Citing lower risk, CDC changes COVID-19 exposure guidelines
New guidelines come after Americans grow increasingly weary of pandemic mitigation measures
The Centers for Disease Control and Prevention eased COVID-19 exposure and quarantine guidelines Thursday, saying that between population-level immunity and available treatments, the risk of contracting severe COVID-19 is now extremely low in the United States.
The new approach is meant to reduce strain on hospitals while also reducing barriers to everyday activity, and comes as data indicates Americans are fed up with mitigation practices, but as COVID-19 hospitalizations are slowly ticking upward.
“This guidance acknowledges that the pandemic is not over, but also helps us move to a point where COVID-19 no longer severely disrupts our daily lives,” said Greta Massetti, chief of the CDC Field Epidemiology and Prevention Branch.
For those exposed to COVID-19, the CDC recommends wearing a mask for 10 days rather than quarantining as previously recommended for the unvaccinated, with those exposed wearing a high-quality mask for five days and then testing on the fifth day.
The agency reemphasized that people who test positive for COVID-19 only need to isolate for five days, monitoring their symptoms day by day before deciding to exit isolation. It noted that those who test positive for COVID-19 are most infectious during the first five days after testing positive, recommending isolation during that time even if asymptomatic. After day five, those feeling better and are fever-free may end isolation, the agency said.
The CDC recommended those who test positive wear a high-quality mask through day 10, regardless of their symptoms. People who experience shortness of breath or difficulty breathing while they have COVID-19 should isolate for the full 10 days, as should individuals with weakened immune systems.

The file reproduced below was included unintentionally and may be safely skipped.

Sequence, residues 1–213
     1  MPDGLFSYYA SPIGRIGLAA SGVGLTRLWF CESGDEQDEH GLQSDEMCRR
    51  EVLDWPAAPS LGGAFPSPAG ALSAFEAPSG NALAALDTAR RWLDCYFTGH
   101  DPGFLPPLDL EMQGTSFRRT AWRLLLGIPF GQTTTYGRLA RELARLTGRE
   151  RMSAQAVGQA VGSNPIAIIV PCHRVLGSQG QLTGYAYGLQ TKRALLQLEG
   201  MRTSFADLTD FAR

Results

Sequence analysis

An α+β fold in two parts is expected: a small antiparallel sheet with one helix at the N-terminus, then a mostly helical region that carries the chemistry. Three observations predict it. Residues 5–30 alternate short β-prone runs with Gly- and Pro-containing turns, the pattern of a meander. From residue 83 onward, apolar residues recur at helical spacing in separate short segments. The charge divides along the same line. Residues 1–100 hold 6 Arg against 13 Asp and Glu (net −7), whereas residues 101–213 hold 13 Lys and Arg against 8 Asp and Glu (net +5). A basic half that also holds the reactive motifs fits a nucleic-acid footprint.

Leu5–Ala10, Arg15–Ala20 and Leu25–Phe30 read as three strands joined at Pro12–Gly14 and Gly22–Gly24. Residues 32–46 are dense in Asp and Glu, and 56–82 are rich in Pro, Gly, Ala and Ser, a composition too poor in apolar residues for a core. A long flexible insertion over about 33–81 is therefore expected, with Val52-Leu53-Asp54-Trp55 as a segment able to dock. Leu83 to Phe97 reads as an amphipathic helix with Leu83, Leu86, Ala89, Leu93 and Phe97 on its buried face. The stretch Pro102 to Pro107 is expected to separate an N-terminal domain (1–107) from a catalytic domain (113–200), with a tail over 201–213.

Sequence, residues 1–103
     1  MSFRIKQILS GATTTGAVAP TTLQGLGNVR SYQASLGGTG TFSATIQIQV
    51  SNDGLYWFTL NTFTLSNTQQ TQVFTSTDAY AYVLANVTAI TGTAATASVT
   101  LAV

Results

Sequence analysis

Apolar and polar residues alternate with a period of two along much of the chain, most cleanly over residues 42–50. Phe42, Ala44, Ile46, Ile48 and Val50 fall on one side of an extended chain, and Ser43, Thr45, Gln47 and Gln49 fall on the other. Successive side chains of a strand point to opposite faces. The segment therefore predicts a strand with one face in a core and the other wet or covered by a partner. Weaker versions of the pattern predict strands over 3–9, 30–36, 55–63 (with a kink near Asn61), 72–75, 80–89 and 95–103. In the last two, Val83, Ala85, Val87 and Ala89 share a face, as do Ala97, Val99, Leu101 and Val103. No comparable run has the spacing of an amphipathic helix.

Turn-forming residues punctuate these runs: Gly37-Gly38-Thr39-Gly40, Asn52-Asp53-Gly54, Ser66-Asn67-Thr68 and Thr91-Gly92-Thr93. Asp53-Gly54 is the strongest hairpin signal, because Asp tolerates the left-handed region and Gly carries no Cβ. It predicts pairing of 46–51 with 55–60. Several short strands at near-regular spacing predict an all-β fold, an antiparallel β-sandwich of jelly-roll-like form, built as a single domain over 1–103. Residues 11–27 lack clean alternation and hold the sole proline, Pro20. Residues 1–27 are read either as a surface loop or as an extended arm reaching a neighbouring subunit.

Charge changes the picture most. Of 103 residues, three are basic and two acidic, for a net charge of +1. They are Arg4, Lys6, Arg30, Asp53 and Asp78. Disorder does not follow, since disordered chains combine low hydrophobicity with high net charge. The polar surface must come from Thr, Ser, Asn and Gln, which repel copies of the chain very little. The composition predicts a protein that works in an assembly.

And the agency warned those whose symptoms worsen after day 10 should restart isolation at day zero.
Despite the new guidance, the pandemic is hardly over: An average of roughly 6,200 Americans are hospitalized every day with the virus, 395 Americans die per day, and more than 107,000 test positive for COVID-19 daily. By comparison, COVID-19 hospitalizations were as low as 2,300 cases a day in May and 5,000 cases per day beginning in July. Public health experts have repeatedly said they anticipate the infection rate to increase in the fall and winter.
Still, many Americans have made it clear they're done with COVID-19 mitigation practices. Less than half of Americans ages 18 and up have received their first booster shot, and only 32 percent of people ages 50 and up have received their second COVID-19 booster shot, according to CDC data.
These new guidelines, meant to streamline COVID-19 protocol, came the same day that the Food and Drug Administration recognized that at-home COVID-19 rapid tests are not always effective and made the home testing guidelines a bit more complex.
The FDA now recommends Americans keep multiple at-home COVID-19 tests on hand and repeat testing following a negative home COVID-19 test, regardless of whether they have COVID-19 symptoms. At-home antigen tests are not as reliable as PCR tests and often do not detect the virus early on in an infection.
The FDA is studying COVID-19 antigen tests and looking to make them more effective.